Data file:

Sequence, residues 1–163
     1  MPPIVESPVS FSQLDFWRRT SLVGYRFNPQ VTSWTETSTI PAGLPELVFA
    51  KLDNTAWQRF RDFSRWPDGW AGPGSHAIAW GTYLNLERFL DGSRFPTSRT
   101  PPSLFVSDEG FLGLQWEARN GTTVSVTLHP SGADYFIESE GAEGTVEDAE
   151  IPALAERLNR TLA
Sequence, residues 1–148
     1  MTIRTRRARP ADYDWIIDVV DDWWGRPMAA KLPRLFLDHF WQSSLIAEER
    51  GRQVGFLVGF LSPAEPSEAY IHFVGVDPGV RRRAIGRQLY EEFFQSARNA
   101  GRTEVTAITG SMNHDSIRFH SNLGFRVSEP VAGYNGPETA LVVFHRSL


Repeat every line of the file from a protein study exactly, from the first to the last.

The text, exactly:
Sequence, residues 1–163
     1  MPPIVESPVS FSQLDFWRRT SLVGYRFNPQ VTSWTETSTI PAGLPELVFA
    51  KLDNTAWQRF RDFSRWPDGW AGPGSHAIAW GTYLNLERFL DGSRFPTSRT
   101  PPSLFVSDEG FLGLQWEARN GTTVSVTLHP SGADYFIESE GAEGTVEDAE
   151  IPALAERLNR TLA
Sequence, residues 1–148
     1  MTIRTRRARP ADYDWIIDVV DDWWGRPMAA KLPRLFLDHF WQSSLIAEER
    51  GRQVGFLVGF LSPAEPSEAY IHFVGVDPGV RRRAIGRQLY EEFFQSARNA
   101  GRTEVTAITG SMNHDSIRFH SNLGFRVSEP VAGYNGPETA LVVFHRSL